WASHINGTON—Today, the American Federation of Teachers announced $400,000 in funding for over 800 classrooms across the country. The requests, made to DonorsChoose from teachers in more than 600 schools—members and nonmembers alike—were filled to help purchase cleaning supplies, learning materials, paper and pencils, books, personal hygiene products, personal protective equipment and other materials teachers need to help keep students safe and learning.
“The last few years have been incredibly difficult—emotionally, physically and financially—for students, educators, parents, caregivers and the entire educational community,” said AFT President Randi Weingarten. “Many elected officials have not stepped up and given our classrooms what they need to keep students on track. These supplies are the least we can do to help educators feel seen, respected and supported as they do everything in their power to help our students thrive.”
DonorsChoose is a national nonprofit dedicated to combating inequity in public school funding by allowing people to donate to classroom projects of their choosing. Weingarten delivered supplies to classrooms in Lowell, Mass., and Albuquerque, N.M.
“I am so grateful for the support from the AFT and DonorsChoose,” said Kethmanee Bungo, a teacher and AFT member in San Francisco. “It may not seem like much, but these are some of the basic necessities my students need to get the best education possible. Despite the ongoing political climate, safety and education are paramount.”
For decades before COVID-19, educators regularly spent over $400 a year to buy items for their classrooms and supplies for their students because they care so deeply about their kids. The pandemic has only increased that burden.
“This has been a challenging school year where, despite tremendous support from President Biden’s American Rescue Plan, educators still don’t have the resources our kids need,” Weingarten said. “Often you see parents stepping up to help, and today the union is stepping up to help.”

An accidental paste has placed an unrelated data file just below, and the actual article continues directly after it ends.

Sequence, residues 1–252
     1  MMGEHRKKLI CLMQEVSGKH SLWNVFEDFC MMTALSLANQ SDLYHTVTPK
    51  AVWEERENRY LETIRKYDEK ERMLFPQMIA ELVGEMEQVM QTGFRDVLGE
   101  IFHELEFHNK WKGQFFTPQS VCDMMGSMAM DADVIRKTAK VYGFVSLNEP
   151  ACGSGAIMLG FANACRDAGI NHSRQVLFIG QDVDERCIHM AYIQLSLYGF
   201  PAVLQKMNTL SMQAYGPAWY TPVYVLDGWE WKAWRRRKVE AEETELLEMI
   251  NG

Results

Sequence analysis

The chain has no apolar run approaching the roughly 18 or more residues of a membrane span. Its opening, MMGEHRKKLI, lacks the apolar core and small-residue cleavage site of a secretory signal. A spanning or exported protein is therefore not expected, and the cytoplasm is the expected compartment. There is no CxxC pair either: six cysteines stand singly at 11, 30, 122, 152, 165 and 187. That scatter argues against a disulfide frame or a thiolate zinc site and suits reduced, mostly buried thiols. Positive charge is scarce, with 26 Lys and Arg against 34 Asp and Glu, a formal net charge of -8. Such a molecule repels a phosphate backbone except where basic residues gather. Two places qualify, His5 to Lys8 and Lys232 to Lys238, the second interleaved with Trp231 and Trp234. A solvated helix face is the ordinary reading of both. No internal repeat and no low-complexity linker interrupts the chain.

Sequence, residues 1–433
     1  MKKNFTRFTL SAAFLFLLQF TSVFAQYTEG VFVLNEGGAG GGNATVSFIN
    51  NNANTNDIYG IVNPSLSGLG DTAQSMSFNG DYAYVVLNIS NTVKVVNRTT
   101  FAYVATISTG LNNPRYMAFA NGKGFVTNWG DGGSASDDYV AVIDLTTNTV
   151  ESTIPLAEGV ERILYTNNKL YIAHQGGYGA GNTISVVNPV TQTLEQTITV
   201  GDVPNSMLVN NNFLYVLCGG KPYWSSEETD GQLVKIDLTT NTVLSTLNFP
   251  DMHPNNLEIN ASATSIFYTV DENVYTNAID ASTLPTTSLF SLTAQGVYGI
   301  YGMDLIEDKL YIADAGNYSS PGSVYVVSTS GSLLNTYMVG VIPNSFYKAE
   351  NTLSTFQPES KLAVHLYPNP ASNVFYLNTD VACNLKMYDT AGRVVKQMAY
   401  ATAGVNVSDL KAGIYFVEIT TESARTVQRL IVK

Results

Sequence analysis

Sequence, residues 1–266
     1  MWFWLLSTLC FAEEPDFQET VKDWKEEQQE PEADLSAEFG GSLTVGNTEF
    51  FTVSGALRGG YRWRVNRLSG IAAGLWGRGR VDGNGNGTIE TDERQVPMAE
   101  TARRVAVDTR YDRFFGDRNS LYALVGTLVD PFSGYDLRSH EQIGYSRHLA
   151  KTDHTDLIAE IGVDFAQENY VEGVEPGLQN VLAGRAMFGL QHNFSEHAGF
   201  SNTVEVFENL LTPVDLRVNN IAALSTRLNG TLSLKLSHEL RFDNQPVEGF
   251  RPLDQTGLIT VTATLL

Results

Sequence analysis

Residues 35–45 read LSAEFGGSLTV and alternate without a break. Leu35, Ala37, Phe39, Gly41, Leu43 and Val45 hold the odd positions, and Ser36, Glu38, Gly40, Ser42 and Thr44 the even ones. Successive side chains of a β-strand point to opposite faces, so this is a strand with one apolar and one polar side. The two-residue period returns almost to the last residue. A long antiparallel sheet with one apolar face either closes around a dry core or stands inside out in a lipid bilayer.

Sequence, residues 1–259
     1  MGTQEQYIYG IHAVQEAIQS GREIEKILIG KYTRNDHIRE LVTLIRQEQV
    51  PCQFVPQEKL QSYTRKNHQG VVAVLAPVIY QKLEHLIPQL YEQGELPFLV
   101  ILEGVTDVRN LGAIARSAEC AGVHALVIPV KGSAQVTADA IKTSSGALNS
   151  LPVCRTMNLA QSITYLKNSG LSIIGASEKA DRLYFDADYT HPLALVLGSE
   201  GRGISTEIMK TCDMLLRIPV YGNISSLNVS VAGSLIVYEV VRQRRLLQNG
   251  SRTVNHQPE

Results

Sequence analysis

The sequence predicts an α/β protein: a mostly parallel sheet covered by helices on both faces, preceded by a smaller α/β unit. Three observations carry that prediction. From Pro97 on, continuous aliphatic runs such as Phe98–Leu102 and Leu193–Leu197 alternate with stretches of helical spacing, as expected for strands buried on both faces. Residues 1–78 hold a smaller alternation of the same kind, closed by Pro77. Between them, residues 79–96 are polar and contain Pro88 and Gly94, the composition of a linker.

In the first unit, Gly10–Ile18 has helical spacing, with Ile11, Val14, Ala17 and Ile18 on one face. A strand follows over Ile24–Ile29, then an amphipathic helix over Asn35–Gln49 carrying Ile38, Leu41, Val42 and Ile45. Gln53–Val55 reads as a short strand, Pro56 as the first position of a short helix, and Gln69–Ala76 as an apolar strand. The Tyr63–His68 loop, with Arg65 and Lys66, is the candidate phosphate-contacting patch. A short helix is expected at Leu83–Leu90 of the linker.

DonorsChoose, launched by former Bronx public school teacher Charles Best in 2000, has fulfilled over 2.2 million classroom projects in over 86,000 schools across the country—for a total of more than $1 billion.
“For the last two years, teachers have gone even more above and beyond to ensure their students have access to an enriching education,” Best said. “Thanks to the AFT, educators will get a boost of encouragement and support as they continue to navigate the changing landscape of COVID-19.”
“Many educators take second and third jobs to help their kids and help themselves stay afloat financially,” added Weingarten. “By fulfilling these $400,000 in requests, we’re spreading hope and expressing gratitude to teachers and school staff who’ve sacrificed so much to ensure a better life for our children and our communities. And we’re also shining a spotlight on decades of underfunding and the urgent need to invest in our kids and the schools they attend.”